was Abbot of the Abbey of Dulake, in Gralguenamanagh, Co. Kilkenny.
The Cheevers were the next family to gain possession of this area based on the
Viscounts of Kountlelnster. The Choevers were supplanted by the Fane a who
became Baron of Carlow, to be supplanted by the Lawsons, who were made
Viscounts of Carlow. Finally the Duke of Wharton was made Marquis of Carlow,
which title this family holds today in Lord Wharton.
As time went by the Culliton's succeeded in regaining some of their lost property. Also the Normans were few, and it was not until the time of Cromwell that the Cullitons really began to scatter. In 1431 John Culliton owned 5,000 acres of land in the Rathville district. Near Carlow town Michael Culliton owned an estate of some 1100 acres in 1674 and was noted for the remarkable way he kept up his land. In this town stands the ruin of Carlow Castle, which was erected by the de Bigods when they became Lord of Carlow. At LeiKhIinbri i~r In 1xx6, Martin Culliton owned a large mansion and 6XtC3TT.SL s -'rulle rty.. In 1619 came Cromwell who tried to deprive the Culliton's from their land. He virtually limited Irish ownership to Connaught and two-thirds of Ireland changed hands, leaving the Irish to work for their English masters'. Cromwell installed new .English settlers on the lands of the evicted Irish. The family suffered many hardships during this period and many Culllton's were executed by Cromwell including Cormac Culliton, Martin Culliton, Arthur Culliton and David Culliton. Near Hyde Park in London was a place called Tyburn there a gallows had been erected and where many Irish priests wore executed. They became known as the English Tyburn Martyrs, priests who were executed by Cromwell because of their faith. It is recorded that a John Culliton was one of the Tyburn martyrs, who were the ecclesiastical heroes of Ireland.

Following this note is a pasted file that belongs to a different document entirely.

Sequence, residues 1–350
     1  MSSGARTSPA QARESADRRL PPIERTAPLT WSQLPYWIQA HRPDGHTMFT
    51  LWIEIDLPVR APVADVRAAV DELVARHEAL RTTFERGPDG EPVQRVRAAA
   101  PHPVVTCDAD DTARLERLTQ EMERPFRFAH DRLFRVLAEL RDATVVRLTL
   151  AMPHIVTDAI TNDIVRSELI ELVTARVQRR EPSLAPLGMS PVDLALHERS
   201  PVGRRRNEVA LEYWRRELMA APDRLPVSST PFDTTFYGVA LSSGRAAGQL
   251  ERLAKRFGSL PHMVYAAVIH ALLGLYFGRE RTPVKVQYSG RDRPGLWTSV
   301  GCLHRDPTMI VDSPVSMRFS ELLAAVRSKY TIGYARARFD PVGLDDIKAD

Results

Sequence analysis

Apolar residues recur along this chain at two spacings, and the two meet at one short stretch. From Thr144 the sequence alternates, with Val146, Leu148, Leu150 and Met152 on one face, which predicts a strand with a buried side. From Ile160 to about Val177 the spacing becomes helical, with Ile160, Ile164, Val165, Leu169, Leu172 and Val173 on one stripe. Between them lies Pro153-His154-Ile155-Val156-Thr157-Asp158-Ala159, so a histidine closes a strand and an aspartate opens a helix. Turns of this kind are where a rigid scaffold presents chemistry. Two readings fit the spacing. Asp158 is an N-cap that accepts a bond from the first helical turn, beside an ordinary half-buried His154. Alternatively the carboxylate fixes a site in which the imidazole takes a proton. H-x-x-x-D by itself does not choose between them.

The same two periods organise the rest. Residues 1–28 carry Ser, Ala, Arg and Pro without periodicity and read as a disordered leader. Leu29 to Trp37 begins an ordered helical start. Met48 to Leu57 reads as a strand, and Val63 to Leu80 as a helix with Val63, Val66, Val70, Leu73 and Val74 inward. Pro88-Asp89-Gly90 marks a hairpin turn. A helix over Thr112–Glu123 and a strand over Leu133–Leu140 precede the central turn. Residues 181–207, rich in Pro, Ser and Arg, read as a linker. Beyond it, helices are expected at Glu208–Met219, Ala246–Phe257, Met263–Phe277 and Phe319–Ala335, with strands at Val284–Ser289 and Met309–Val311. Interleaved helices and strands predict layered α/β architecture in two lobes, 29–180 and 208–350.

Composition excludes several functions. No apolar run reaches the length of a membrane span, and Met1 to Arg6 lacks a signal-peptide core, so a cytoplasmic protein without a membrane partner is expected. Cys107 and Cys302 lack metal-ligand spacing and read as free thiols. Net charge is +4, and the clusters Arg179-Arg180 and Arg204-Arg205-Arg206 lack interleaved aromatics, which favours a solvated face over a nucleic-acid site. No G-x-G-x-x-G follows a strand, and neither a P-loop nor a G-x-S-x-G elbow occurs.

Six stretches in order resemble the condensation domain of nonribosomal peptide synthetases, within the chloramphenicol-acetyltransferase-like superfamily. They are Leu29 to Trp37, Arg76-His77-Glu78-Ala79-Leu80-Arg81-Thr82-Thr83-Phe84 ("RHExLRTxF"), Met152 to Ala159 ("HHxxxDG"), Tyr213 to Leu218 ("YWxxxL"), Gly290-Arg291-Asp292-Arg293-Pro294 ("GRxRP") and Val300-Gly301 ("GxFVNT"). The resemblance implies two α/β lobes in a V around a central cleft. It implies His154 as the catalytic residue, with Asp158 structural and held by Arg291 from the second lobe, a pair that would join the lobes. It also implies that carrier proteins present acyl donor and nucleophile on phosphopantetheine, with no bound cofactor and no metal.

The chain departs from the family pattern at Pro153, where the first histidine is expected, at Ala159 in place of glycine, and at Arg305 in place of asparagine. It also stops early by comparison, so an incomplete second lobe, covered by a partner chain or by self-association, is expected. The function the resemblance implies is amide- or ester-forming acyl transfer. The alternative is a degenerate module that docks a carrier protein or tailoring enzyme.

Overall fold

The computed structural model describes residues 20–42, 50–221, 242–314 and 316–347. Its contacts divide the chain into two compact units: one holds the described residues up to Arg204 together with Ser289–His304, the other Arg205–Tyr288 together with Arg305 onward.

Since the time of Cromwell many Cullitons went to France, where they served
with distinction In the army. They also joined the armies of Spain, Russia,
Germany and their descendants the 'wild geese,' filled the ranks of the
Irish Brigades of the 18th century. But the Famine period, le~bS-~S, was
even more effective in driving the Culliton's out of Ireland than the tyranny
of Cromwell .Hundreds of Cullitons perished and others emigrated to the U.S.A.
where there are today some 500 of this family, many of whom have become
distinguished. Today in Ireland there are about 100 of the family, who are
to be found scattered all over the Irish counties.
To-day, because 33 years of freedom is insufficient for Ireland to develop herself fully and provide opportunity, many Culliton's have still to emigrate annually, most of them to England; here they are intermarrying and losing contact with their origins. Here however, some still remain on their ancient land. And the visiting Culliton will be filled with emotion, for though little trace of their sojourn remains except for names on graveyard tombs, somehow he will sense the spirit which his kinsmen have left upon this place.
The "TQQ Press,' (weekly) and 'Leinster Leader' (weekly) are the two
provincial newspapers which circulate in Go. Carlow today.